is the part of my declaration for Chairman that stated:
"My God does not make mistakes, and as such I recognize
no land holier than Alaigbo; I know no language more divine
or more sophisticated that asusu Igbo; I have heard no name
more majestic or spiritual that aha Igbo; I have received
no love sweeter than that of Igbo women; I have not known
any burial ground more sacred or more honorable than Alaigbo,
and I place no heroes, heroines, prophets or saints above
my Igbo heroes and heroines."
What specific things can you do as WIC Chairman
to enhance the Igbo Diaspora presence in our new adopted
The Igbo must be seen and heard. I shall work to provide
outlets for them to be seen and heard, in print (as in the
Igbo World), in books, and in the movies. I shall assemble
experts in various fields to put together guide books for
survival and success for new Igbo immigrants in various
localities. I shall link WIC clearly and visibly to the
Black Congressional Caucus, the NAACP, the Urban League,
and the Jewish national organizations. I shall be present
at a rally of an Igbo candidate for political office anywhere
in the Diaspora if duly invited. I shall work with Igbo
governors to seek incentives for prominent and economically
viable African Americans to locate their African roots in
Igbo land, with the hope and belief that should hell break
loose, in the Diaspora or at home, we shall find ready allies.
WIC is thought of, by many, as a secretive organization
run by a reclusive Board of Directors. Is this a valid viewpoint?
What makes you feel that you have what it takes to change
the status quo when you assume the mantle of leadership?
Everyone that is supposedly "INSIDE" right now
in WIC was at some point "OUTSIDE." I alone can
not open up WIC. My visions alone, no matter how articulate
and inspiring, can’t open up WIC. Only the delegates
and Board members from the various affiliates will open
up WIC. The extent to which I will change anything will
depend on the "people power" that I can bring
to the table. Board members of WIC are people too, and my
candidacy is an appeal to both the Board and the masses.
WIC has no financial resources to operate with.
Why is this so? What are WIC revenue generation sources
at this moment?
To the best of my knowledge, the main source of revenue
to WIC at this point is the dues the affiliates pay. The
conventions have not had a good record of revenue generation.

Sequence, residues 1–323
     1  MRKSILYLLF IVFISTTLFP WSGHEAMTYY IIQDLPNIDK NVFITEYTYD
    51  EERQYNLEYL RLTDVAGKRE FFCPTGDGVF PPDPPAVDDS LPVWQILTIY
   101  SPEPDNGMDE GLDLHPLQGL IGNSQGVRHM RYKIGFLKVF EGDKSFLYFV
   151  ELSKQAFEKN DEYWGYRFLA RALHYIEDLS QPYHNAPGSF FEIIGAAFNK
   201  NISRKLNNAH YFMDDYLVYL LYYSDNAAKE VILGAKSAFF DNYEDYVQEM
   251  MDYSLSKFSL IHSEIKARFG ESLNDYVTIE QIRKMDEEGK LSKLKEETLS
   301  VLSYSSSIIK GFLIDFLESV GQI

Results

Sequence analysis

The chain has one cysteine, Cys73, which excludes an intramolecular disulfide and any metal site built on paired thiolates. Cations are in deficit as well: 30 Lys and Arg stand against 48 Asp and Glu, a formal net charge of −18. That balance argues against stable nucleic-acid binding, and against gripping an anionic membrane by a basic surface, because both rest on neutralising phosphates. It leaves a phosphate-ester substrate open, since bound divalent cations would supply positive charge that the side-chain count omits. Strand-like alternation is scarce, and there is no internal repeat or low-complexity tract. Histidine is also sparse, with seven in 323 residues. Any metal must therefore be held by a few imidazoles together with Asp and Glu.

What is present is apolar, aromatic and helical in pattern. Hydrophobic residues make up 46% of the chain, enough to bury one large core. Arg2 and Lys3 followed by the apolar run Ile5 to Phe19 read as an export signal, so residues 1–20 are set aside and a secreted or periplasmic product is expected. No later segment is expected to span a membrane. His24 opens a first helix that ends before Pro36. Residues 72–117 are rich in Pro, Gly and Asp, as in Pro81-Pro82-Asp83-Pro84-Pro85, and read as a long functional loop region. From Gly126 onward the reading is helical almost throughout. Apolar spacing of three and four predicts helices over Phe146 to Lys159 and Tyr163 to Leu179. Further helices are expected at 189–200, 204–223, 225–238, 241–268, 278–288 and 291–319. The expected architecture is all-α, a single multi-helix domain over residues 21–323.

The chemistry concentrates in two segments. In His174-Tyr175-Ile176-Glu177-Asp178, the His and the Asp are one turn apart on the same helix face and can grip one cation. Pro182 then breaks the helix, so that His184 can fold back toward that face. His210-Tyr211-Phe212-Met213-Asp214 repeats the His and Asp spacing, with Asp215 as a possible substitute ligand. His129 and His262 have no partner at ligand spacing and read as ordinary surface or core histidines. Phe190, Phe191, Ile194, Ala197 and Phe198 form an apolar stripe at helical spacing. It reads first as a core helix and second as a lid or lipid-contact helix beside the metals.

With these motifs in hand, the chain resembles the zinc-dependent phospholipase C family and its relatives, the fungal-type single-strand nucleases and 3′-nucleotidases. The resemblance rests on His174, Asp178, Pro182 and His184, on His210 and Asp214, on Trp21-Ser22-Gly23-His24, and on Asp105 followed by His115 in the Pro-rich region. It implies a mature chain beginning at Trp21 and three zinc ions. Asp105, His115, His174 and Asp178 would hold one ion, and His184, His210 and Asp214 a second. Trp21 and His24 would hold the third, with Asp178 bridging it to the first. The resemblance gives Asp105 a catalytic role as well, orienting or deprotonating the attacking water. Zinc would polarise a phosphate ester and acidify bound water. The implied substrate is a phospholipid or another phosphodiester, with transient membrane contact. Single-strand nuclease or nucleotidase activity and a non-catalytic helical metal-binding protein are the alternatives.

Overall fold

WIC does not have money because the people have not fully
bought into it. This is why enabling the necessary buy-in
must be job number one.
The Education Committee of the WIC appears to
be the only component of the organization that is active.
What other committees exist in present WIC?
I thank you for your kind words regarding the Education
Committee. I will submit that the Constitution Review Committee
headed by John Udoh has been active too. So has the Economic
Development Committee headed by Joe Nzepuome, with Chuks
Ibekwe as a productive member. So has the Road Map Committee
heeded by Professor Kalu. The Membership Development Committee
headed by Nnaerika Okonkwo has been active. The Electoral
Committee does its seasonal work as at when due. And now
the National Conference Committee heeded by Kemnagum Okorie
is fast at work.
Are you content with present committees or are
you contemplating specific changes if you become the Chairman?
The committees are not the issue. The major issue is getting
people who are willing to leave foot prints with the assignments
they are given. If approved by the Board and HOD, I would
like to streamline the committees under Vice Chairpersons
of WIC. Additionally, I plan to set up a shadow government
that mirrors the major ministries in Nigeria’s government.
In other words, I plan to appoint, with Board and HOD approval,
Secretaries of Education, Defence, Commerce and Industry,
Energy, Agriculture, etc., to not only monitor their counterparts’
performances in Nigeria, but to be the lead advisors on
WIC’s visions for these vital areas.
Some have charged you for fraternizing too closely
with political elite outside of Alaigbo, particularly the
North. Doesn't this fact disqualify you to lead an Igbo
Diaspora apex group?
I am a Pan-Africanist in the tradition of Zik and Ojike.
I believe Odumegwu-Ojukwu was born in the North and has
remained in fraternity with the North, even after a bloody
war of survival. The issue is not fraternization. This is
the question: Is Ojukwu or Ugorji comfortable enough in
his Igbo skin and rooted enough in Igbocentricity to choose
the Igbo group interest over any other interest? The answer